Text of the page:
My right hon. Friend mentioned the sword of Damocles, as he put it, and the fact that there may well be several referendums. I agree entirely that a fundamental change in policy is needed on the part of Belgrade. There needs to be a change in attitude and culture. Likewise, he mentioned that there needs to be a change in attitude in the international community-a change of approach, a revitalised approach-but I think that, above all else, what needs to be made crystal clear is that both Serbia and Bosnia and Herzegovina want to join the EU and that the criteria for doing so are simple. They will have to resolve their problems in a statesmanlike, constructive and coherent manner. If they do not do that, the chances of their coming into the EU will diminish substantially.
I agree, as my right hon. Friend spelt out so clearly, that in both Kosovo-he mentioned the area north of the Ibar river, where there is almost a state within a state and lawlessness prevails-and in Republika Srpska, where exactly the same thing is happening, Serbia is intervening behind the scenes. In the case of Republika Srpska, it is trying to encourage a secessionist movement that would have the effect of completely destroying Bosnia and Herzegovina. We must be absolutely aware of that and make it crystal clear to Serbia that what it is doing is not in its own interests. It is incredibly destructive, and it will simply delay the date when it will be eligible to come into the EU.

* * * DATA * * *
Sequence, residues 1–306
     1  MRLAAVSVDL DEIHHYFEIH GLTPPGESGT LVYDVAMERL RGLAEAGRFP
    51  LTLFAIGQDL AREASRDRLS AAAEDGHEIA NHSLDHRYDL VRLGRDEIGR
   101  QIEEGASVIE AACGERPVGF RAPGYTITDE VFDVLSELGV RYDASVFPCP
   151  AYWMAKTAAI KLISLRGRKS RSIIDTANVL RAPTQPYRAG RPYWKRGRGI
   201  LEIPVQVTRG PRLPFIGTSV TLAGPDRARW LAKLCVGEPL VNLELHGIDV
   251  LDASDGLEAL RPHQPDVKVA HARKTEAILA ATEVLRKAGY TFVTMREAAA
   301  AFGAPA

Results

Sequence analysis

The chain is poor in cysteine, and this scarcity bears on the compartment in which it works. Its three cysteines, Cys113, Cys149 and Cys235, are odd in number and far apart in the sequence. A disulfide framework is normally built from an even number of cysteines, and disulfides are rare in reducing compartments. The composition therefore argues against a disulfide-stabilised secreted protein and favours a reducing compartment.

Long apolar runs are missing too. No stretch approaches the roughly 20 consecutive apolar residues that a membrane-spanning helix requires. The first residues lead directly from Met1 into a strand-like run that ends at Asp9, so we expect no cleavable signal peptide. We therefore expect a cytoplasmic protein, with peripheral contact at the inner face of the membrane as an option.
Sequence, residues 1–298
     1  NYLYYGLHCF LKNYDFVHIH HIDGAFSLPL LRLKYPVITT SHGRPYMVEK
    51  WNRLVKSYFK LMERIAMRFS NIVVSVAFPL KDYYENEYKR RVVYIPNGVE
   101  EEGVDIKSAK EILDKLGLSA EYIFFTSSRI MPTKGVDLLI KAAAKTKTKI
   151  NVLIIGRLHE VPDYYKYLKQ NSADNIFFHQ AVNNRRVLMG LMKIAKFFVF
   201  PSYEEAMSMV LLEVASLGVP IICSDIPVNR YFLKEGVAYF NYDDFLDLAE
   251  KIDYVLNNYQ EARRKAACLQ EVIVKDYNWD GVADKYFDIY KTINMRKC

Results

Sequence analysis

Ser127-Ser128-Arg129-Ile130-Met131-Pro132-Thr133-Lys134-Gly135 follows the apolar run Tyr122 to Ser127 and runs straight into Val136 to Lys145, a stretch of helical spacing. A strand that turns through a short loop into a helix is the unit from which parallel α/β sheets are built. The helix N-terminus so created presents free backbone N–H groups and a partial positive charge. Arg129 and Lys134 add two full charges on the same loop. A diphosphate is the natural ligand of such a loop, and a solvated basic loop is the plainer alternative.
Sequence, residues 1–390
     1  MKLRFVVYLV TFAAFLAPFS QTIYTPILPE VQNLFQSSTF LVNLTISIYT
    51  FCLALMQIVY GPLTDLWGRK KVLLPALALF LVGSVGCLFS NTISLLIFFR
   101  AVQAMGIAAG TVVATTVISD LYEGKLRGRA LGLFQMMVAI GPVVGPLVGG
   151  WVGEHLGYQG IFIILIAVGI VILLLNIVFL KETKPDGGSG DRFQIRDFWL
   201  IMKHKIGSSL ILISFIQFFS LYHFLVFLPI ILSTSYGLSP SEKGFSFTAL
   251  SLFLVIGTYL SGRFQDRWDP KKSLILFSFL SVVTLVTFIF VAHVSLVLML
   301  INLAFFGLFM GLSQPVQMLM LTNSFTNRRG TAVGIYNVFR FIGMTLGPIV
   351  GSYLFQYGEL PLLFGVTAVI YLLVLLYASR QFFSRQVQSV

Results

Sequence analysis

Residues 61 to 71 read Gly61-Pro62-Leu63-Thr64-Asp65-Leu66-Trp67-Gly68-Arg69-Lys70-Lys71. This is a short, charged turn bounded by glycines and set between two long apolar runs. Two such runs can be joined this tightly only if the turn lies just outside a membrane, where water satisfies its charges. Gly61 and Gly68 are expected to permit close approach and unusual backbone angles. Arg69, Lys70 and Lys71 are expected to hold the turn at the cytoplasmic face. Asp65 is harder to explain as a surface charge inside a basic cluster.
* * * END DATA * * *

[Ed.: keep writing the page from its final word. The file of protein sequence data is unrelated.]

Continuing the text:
Once again, I thank my right hon. Friend for securing this debate. There may well be some points that I have not had a chance to touch on. If so, I shall write to him, and I shall certainly refer certain points to the MOD. The point about the battalions is important.
I should like to underline the importance that the Government attach to countries in the region intensifying efforts towards reconciliation and improved regional co-operation. Some positive steps have been taken in recent months: Serbia, Turkey and Bosnia and Herzegovina have sought to improve their relations through the Istanbul declaration, and the Serbian parliamentary resolution condemning the Srebrenica massacre was a welcome step towards greater reconciliation in the region. Slovenia's and Croatia's Brdo process is a welcome initiative to promote active co-operation across the region, and the coalition Government strongly encourage further such effort.
To conclude, the Government will continue to be actively engaged in the western Balkans. We will seek, encourage and promote effort and positive momentum to ensure that all countries in the region are put fully and irreversibly on the path to joining the EU and NATO. If they look at those goals positively and show statesmanship, that in itself will be the biggest driver of all in solving some of the problems that my right hon.
Friend so eloquently touched on, and if that happens, for the first time in our lives the region will be incredibly stable and have a bright future.